Wall Street stocks rose to a record closing high Monday, their second in less than a week, propelled by a late burst of computerized program trading after blue chips had fallen most of the day.
Strength in transportation stocks also provided support.
The Dow Jones industrial index rose 11.00 to close at 2,743.36, eclipsing the record close of 2,734.64 set only last Thursday, when the Dow industrials leaped nearly 57 points.
The stock market meandered mostly at lower levels in lethargic activity during much of a session marked by several rounds of futures-related buying programs.
Initially, the market appeared to be continuing the downward trend that developed Friday after the rally on Thursday, when the Dow Jones industrial average surged 56.53 to smash the old record of 2,722.42 set Aug. 25, 1987.
Several rebounds linked to program trading failed to spark a sustained rally before renewed buying going into the final half-hour of the session generated fresh buying interest.
In the broader market, trading was slow and nervous before several economic reports this week. Some analysts expect the market to weaken before Friday's important August jobs report, which will give the first official indication of the economy's performance last month.
In the late going, advancing issues took the lead from declines in nationwide trading of New York Stock Exchange-listed stocks and 760 issues went up in price while 692 fell and 537 were unchanged.
Big Board volume slowed to 131.18 million shares, down from 165.93 million Friday.
Wall Street analysts say trading volume will probably remain fairly light this week before the long Labor Day weekend.
Also, analysts say investors are likely to be reluctant to trade heavily before the release of several potentially market-moving economic reports due this week.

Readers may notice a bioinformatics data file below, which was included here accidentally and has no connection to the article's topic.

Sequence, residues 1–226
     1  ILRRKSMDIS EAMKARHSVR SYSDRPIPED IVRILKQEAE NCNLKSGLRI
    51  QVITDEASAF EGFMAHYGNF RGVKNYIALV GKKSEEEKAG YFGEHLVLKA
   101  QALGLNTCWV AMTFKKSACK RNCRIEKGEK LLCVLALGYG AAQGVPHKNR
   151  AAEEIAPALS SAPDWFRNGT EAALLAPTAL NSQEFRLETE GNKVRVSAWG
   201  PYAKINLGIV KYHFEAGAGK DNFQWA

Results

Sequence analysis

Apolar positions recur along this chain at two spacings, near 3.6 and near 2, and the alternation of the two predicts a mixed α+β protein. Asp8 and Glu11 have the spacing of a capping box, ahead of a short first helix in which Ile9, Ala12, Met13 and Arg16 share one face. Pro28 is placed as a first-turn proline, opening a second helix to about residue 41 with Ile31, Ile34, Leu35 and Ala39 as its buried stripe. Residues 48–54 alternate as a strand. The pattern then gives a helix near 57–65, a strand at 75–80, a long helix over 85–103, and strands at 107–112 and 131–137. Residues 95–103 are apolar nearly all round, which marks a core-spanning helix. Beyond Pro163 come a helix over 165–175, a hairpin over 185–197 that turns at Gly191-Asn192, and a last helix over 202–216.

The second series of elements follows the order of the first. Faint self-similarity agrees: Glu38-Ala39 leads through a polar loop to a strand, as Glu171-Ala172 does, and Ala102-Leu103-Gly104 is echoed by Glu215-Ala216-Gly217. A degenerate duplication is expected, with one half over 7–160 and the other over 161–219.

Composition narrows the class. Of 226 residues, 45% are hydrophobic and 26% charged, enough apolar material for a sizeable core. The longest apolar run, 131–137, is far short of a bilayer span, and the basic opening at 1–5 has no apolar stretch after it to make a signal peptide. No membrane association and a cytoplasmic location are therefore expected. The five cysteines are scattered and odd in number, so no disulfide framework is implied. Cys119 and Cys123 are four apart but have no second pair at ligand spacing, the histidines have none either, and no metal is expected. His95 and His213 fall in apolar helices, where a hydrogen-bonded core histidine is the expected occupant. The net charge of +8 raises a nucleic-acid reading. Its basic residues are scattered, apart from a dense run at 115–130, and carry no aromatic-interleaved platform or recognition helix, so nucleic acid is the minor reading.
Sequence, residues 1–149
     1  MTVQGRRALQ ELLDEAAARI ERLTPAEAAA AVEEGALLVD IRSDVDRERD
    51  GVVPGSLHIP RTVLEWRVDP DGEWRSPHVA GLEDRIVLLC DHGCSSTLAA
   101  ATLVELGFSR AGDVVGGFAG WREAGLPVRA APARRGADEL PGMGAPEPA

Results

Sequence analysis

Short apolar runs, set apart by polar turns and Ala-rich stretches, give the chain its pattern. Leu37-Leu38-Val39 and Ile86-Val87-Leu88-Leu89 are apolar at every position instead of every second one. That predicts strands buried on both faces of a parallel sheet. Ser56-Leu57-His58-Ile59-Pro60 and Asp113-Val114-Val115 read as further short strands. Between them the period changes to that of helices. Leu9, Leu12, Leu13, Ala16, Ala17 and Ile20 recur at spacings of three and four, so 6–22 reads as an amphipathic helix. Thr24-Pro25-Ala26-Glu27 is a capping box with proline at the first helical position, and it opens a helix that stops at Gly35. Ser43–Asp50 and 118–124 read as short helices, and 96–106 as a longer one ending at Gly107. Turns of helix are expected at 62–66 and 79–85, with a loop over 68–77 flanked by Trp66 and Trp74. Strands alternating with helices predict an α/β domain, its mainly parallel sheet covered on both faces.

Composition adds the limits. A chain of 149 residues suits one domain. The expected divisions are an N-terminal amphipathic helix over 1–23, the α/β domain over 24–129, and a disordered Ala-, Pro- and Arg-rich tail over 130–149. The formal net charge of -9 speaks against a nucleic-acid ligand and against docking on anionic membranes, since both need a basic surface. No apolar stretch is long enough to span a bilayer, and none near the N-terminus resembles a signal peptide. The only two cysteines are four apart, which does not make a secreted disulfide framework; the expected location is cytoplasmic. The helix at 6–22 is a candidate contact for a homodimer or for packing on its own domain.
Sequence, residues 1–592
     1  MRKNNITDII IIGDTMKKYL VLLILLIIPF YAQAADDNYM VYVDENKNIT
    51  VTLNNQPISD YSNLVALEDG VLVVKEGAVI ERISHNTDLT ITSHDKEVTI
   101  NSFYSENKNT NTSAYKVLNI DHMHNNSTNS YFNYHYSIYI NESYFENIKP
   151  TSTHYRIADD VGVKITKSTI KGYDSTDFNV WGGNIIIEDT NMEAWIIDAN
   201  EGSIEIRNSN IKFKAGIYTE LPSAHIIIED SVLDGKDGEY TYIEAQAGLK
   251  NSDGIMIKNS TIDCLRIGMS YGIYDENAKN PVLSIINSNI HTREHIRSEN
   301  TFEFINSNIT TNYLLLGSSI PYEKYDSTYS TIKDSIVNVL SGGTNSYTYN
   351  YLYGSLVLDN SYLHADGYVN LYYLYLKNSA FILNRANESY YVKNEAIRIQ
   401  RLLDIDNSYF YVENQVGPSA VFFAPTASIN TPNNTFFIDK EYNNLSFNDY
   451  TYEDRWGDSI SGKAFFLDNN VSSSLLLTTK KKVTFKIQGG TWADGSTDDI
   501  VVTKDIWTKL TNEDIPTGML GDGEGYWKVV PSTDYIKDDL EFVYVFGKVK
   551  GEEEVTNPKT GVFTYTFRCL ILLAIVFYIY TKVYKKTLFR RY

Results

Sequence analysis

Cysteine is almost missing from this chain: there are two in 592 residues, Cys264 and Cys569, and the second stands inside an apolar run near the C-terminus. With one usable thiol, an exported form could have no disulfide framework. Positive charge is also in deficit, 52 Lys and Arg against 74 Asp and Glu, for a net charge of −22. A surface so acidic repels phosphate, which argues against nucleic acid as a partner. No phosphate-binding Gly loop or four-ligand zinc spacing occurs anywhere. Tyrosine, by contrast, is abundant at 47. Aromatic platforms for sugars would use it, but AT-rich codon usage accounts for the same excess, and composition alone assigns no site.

Today, the government will report on revised figures for the second-quarter gross national product. Other key figures include July factory orders on Thursday and August unemployment and leading indicators on Friday.
"It was a pretty good performance with very few people around and low volume," said Paul Hennessey, vice president in trading at Boston Co.
Some analysts had expected stocks to pull back after the Dow industrials' record close last Thursday. On Friday, the Dow index slipped 2.28.
"I think some people were looking for some correction when the market closed down two points Friday. It did carry over for a short period of time (earlier today), but the market just refuses to do what people anticipate," Hennessey said.
Marshall Acuff, a Smith Barney portfolio strategist, described Monday's action as "deals and dividends," noting that the most actively traded issues rose for those reasons.
"In the idle days of summer, people focus on deals and dividends. The breadth was totally unexciting, the volume was totally unexciting. The market was up one hour and down one hour," Acuff said.
Shares in UAL Corp., parent of United Airlines, rose on news that Chairman Stephen M. Wolf had told his employees in an internal memo that the company's ownership may change. UAL stock gained 3 1/2 to close at 281 1/2, above the $275 a share that Los Angeles investor Marvin Davis has offered.
Wolf warned in the memo that ownership of the Chicago-based airline may change as a result of Davis' offer to buy the company and other factors. "It is too soon to tell what form a possible change in ownership may take, if there is one," Wolf said, "because alternatives are still developing."
Davis has set a Thursday deadline for UAL to respond to his bid for the company.
Among other airline stocks, AMR, owner of American Airlines, rose 2 1/8 to 81 1/4; Delta went up 2 3/4 to 80 1/2, and Southwest Airlines gained 1 1/8 to 27 1/2.
Texas Air rose 1 1/8 to 22 in American Stock Exchange trading. There were reports that Scandinavian Airlines System and an unidentified partner were interested in acquiring all or part of Texas Air-owned Continental Airlines.